Monthly Archives: November 2009

022 The Plains Of Iron

The Plains Of Iron

Gray land beneath gray sky.

They stretch beneath a sun the color of dried blood, always waiting at eternal late afternoon. The vast flatness is broken by occasional low, worn, hills, or bisected by a flowing river of red dust. Copses of trees appear sporadically, as gray as the grass, as gray as the hills, as gray as the sky. The only colors here are iron gray and rust brown.

Oh, and blood red. Briefly. When the wolves have taken another soul.

These are the Iron Plains.

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021 The Midnight Depths

The Midnight Depths

There’s darkness. And then there’s something else, something that is to ordinary darkness as darkness is to light. This darkness is not merely the lack of light, but a force unto itself, light-devouring. It can be found in many parts of the Abyss, but rarely is it as dominant as it is in the Midnight Depths.

Mortal scholars call the lowest parts of the sea the Abyssal Zone, and in some worlds this is done without knowledge of how accurate that term is. The crushing pressure, the life-draining cold, the utter darkness, and the nightmare things of claw and tooth that dwell in those bleak expanses all combine to form a sort of psychic symmetry with the swirling maw of nightmares that is the Abyss, and where there is symmetry, there is connection. It is quite possible that those few explorers brave and foolish enough to enter the abyssal zone of the seas of a mortal world may find themselves in a somewhat different kind of Abyss.

The Midnight Depths is a layer of the Abyss where there is an ocean without surface, and not merely without light, but actively, brutally, hostile to light. It is a place of crushing water and crushing despair, a maze of blade-edged canyon walls and sudden, unavoidable, currents, inhabited by strange and twisted creatures, all dwelling forever in a blackness that cannot be easily described, just experienced.

Read on!

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020 The Clockwork Hive

The Clockwork Hive

Something continues to grow in the Abyss, a new power, once which the elder Demon Lords do not seem to comprehend. In the twisting tumult, it infests one plane after another, slowly gaining a foothold in many places before it reveals itself. The first hints of it were seen in The Jungle Of Gears, and a second stronghold has now been documented — the winding passages of the Clockwork Hive.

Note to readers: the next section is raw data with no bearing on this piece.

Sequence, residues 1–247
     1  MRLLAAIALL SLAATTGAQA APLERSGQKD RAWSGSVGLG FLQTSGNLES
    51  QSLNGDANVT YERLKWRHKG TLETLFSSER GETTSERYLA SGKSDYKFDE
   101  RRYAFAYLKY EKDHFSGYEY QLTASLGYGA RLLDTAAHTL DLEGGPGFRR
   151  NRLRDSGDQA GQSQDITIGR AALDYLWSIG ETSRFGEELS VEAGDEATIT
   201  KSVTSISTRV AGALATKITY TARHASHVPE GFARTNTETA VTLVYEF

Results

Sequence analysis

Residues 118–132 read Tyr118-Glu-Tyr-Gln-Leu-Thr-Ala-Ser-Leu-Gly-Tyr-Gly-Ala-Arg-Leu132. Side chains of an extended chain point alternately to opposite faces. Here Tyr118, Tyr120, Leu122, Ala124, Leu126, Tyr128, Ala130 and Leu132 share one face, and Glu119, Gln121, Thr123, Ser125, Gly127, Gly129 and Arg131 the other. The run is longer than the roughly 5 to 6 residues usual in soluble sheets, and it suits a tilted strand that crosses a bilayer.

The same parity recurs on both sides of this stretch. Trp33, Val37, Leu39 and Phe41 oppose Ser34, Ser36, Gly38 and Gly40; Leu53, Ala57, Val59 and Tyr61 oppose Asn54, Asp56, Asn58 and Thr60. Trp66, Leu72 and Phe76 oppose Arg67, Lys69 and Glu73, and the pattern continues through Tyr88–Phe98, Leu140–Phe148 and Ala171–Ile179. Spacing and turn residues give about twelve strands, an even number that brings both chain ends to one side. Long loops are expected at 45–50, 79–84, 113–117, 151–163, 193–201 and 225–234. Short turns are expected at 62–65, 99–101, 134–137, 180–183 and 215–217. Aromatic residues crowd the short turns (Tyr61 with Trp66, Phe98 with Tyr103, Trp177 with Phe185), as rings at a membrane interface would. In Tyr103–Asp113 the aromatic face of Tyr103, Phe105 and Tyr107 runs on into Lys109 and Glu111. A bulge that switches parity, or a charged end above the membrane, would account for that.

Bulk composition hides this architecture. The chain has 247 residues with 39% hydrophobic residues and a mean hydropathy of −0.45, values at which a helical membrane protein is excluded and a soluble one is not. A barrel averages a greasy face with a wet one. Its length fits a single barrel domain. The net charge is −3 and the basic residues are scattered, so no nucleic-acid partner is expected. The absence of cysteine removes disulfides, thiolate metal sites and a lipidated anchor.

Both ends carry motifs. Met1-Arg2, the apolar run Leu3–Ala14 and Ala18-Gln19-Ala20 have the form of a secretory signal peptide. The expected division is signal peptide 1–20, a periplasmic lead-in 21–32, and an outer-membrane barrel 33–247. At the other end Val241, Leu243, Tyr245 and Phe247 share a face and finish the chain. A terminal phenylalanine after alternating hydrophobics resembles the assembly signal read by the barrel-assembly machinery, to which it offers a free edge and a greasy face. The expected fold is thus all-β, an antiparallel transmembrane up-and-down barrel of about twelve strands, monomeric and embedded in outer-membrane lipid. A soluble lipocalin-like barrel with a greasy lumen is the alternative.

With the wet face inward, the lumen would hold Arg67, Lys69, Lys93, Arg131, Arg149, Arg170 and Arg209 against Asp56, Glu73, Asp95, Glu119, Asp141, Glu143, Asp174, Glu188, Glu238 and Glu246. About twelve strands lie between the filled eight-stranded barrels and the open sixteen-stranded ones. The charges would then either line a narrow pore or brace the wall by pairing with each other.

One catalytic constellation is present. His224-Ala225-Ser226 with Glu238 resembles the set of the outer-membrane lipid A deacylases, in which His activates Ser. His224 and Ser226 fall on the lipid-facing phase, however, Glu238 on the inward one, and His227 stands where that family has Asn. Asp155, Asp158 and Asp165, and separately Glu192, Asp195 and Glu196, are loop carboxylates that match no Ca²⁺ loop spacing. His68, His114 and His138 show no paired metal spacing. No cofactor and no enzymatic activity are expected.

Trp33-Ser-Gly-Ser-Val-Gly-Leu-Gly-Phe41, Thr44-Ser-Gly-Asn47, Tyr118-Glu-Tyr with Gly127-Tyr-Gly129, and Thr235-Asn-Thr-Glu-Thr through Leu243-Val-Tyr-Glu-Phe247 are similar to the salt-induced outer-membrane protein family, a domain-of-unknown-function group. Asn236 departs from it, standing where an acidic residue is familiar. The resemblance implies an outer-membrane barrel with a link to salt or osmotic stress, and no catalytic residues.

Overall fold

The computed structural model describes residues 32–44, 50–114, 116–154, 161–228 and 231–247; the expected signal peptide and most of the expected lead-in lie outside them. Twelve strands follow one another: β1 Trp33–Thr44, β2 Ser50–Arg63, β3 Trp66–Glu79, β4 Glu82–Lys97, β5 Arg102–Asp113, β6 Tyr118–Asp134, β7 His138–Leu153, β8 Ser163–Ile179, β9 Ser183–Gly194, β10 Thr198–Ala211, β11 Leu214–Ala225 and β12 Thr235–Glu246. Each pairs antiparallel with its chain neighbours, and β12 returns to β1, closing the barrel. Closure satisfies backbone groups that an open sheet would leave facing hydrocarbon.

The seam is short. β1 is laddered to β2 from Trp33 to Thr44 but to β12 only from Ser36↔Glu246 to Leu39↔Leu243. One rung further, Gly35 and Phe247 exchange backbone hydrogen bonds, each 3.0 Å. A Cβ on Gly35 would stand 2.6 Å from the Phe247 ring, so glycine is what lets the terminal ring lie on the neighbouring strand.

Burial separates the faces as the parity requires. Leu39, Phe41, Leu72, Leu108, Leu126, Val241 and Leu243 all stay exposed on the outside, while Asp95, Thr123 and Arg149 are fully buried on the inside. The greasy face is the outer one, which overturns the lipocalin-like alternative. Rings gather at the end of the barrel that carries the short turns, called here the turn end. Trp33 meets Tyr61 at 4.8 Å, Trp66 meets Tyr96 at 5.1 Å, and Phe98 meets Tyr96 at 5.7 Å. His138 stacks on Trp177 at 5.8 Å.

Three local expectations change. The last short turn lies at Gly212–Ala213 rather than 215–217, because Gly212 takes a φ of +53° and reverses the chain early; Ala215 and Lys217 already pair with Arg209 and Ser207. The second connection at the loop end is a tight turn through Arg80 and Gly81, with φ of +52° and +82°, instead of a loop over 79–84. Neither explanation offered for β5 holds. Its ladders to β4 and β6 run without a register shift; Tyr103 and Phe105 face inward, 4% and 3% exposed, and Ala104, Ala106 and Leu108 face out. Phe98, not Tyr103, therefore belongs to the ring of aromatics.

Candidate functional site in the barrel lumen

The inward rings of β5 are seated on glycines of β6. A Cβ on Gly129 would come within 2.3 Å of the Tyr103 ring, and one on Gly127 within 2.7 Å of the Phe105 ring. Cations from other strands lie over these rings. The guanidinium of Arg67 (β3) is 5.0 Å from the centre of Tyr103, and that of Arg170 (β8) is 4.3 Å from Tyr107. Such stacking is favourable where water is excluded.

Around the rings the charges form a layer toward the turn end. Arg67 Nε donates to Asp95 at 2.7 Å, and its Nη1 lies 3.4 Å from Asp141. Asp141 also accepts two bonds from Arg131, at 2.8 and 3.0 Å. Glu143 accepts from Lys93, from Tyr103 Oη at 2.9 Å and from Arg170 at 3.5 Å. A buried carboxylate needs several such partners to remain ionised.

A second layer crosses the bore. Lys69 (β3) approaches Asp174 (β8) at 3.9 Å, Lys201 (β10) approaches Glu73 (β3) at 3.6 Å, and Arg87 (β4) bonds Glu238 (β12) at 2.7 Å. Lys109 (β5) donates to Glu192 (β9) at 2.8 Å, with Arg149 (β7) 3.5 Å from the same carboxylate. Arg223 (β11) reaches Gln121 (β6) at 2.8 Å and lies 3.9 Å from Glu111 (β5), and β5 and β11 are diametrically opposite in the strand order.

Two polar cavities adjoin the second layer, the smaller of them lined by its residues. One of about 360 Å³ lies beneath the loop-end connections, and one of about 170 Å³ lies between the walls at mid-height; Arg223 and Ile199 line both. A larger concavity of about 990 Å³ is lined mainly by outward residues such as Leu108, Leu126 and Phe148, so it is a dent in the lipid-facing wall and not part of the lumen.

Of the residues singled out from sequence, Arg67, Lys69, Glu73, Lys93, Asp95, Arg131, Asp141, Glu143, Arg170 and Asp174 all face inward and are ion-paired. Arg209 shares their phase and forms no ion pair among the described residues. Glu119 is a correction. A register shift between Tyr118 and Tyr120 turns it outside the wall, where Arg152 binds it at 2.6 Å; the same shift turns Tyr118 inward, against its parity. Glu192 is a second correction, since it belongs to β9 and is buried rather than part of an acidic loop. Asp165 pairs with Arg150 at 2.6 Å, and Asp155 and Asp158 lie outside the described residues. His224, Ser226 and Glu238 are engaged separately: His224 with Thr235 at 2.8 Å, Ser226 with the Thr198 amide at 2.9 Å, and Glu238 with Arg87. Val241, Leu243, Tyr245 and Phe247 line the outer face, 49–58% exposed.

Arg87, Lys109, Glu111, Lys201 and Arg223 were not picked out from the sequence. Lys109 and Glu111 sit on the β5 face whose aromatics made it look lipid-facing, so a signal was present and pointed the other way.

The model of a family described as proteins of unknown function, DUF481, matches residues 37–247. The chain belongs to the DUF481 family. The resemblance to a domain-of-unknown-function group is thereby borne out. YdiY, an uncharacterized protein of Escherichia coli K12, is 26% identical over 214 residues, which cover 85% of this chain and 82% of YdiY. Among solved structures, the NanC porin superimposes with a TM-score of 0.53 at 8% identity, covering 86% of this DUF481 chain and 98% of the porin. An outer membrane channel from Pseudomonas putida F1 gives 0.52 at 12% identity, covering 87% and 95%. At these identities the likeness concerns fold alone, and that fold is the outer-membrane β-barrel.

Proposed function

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019 The Flaying Tempest

The Flaying Tempest

The Flaying Tempest, sometimes called the Cyclone of Blades, the Knifestorm, Razorwind, and so on, is one of the many planes of the Abyss which doesn’t even pretend to mock the shape or form of the mortal world. It has no surface and no clear boundaries, and it is lit from everywhere and nowhere with a brilliant, almost blinding, glow. (Creatures with darkvision or low-light vision will suffer a -2 to Perception checks.) There is no gravity as such. There is only the wind.

And the knives.

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018 Nugraal’s Arena

Nugraal’s Arena

Nugraal’s Arena is an unusual layer, in that it is not controlled, technically, by demons. Nugraal, often called Nugraal Paingaze or Nugraal of the Black Diamond, is a medusa death knight of tremendous power, who struck a bargain with some of the powers of the Abyss, offering them easy access to his homeworld to despoil as they wished. He has managed to enforce the terms of this bargain by a combination of raw power and trickery, and the fact the arena has attracted other beings of might, who act to make sure it continues to function.

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Five Layers, Five Days

Five Layers, Five Days

There’s no denying I’ve been a bit slack over the past few weeks, often taking 2-3 weeks to do what should be one week of articles. I blame the rise of paying work. Nonetheless, I am somewhat determined to try to get back on track, and so I am going to return once more to the Abyss, with the intent of producing five layers in five days. As I write this, I do not have in mind any particular theme or focus, or even an idea what the first layer will be, never mind all five, but, here goes. This page, filed oddly under Breakfast Crunch, will be update with a link to each layer as it is written; the layers themselves will be under Abyss Project, as they ought to be.